Support for seniors in the North is at all time low according to a recent report from the office of Seniors Advocate British Columbia.

There are drops in the number of people receiving at home care and accessing day programs despite an increase in the population over the age of 65 and 85.

According to the report 4.2 per cent, fewer seniors received at home support compared to last year.

Senior Advocate, Isobel Mackenzie said the decline could be due to two facts.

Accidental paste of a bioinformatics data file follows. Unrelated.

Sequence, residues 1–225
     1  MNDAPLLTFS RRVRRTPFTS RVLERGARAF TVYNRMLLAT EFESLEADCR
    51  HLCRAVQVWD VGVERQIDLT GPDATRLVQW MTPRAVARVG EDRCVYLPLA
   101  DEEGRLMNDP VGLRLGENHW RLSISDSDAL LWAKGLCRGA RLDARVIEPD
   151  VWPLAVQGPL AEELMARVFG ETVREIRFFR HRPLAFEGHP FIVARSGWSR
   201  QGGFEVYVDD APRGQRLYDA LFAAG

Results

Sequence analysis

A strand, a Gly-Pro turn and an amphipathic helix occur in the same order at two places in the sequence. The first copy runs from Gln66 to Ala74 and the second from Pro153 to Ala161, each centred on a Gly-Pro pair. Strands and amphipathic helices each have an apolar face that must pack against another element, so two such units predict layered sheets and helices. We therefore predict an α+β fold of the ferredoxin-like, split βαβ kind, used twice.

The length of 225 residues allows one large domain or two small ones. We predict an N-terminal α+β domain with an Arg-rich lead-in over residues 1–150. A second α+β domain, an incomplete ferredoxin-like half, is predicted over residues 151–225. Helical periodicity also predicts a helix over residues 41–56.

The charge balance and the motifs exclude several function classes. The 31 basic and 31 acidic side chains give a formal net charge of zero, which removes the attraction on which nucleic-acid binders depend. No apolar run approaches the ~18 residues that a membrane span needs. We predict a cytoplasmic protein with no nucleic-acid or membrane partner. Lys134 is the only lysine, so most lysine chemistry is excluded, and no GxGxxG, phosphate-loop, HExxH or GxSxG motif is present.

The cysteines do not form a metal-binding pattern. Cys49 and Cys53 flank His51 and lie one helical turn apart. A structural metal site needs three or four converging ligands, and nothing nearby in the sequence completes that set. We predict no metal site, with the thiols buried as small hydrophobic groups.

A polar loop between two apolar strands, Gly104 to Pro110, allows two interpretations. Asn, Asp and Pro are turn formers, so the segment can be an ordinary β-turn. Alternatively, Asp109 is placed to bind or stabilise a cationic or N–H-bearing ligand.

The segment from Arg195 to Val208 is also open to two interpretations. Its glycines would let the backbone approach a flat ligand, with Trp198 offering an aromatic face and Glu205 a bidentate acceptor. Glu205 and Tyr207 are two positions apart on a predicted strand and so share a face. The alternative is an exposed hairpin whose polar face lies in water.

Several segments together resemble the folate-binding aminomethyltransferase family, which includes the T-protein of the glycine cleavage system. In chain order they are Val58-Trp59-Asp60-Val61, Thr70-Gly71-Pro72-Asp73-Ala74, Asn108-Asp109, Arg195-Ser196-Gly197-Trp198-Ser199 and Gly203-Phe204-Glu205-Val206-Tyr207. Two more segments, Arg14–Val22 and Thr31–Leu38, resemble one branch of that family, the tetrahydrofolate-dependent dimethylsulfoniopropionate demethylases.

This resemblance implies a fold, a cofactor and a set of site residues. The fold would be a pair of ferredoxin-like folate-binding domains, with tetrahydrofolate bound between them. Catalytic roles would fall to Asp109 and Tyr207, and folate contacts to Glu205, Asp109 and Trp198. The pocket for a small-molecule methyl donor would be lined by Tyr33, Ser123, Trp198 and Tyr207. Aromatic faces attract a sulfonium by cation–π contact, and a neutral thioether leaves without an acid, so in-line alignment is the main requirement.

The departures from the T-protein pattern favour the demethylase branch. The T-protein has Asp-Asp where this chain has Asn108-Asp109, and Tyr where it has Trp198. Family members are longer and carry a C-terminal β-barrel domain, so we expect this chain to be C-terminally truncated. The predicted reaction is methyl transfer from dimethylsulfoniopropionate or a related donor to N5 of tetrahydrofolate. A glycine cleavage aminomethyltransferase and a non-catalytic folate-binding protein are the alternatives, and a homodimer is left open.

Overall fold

“Number one is the budget decisions in Northern Health, and two is even if you had the money you can’t find the staff to deliver the program because some of your communities are so remote,” said Mackenzie.

Mackenzie said there is a big problem with staff recruitment because a large percentage of the workforce does not go beyond the Lower Mainland.

One solution, Mackenzie said is creating incentives to persuade people immigrating to Canada to move to the North.

She said although people still need hands-on experience they could entice more people to become support workers if there was more online training.

“Move training to online to limit the amount of time they would need to spend away from home to get training to become a care aid,” said Mackenzie.